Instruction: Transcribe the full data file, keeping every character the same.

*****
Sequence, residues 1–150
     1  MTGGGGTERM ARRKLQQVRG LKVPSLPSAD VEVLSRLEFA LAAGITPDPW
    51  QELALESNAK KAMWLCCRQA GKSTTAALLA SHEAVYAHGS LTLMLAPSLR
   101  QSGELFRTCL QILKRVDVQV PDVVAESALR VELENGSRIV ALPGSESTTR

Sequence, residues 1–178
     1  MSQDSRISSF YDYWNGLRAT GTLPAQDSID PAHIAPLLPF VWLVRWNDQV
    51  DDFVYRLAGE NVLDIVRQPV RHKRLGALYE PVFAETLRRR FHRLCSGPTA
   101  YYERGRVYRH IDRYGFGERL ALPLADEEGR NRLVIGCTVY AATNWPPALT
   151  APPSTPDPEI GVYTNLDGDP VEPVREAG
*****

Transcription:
Sequence, residues 1–150
     1  MTGGGGTERM ARRKLQQVRG LKVPSLPSAD VEVLSRLEFA LAAGITPDPW
    51  QELALESNAK KAMWLCCRQA GKSTTAALLA SHEAVYAHGS LTLMLAPSLR
   101  QSGELFRTCL QILKRVDVQV PDVVAESALR VELENGSRIV ALPGSESTTR

Sequence, residues 1–178
     1  MSQDSRISSF YDYWNGLRAT GTLPAQDSID PAHIAPLLPF VWLVRWNDQV
    51  DDFVYRLAGE NVLDIVRQPV RHKRLGALYE PVFAETLRRR FHRLCSGPTA
   101  YYERGRVYRH IDRYGFGERL ALPLADEEGR NRLVIGCTVY AATNWPPALT
   151  APPSTPDPEI GVYTNLDGDP VEPVREAG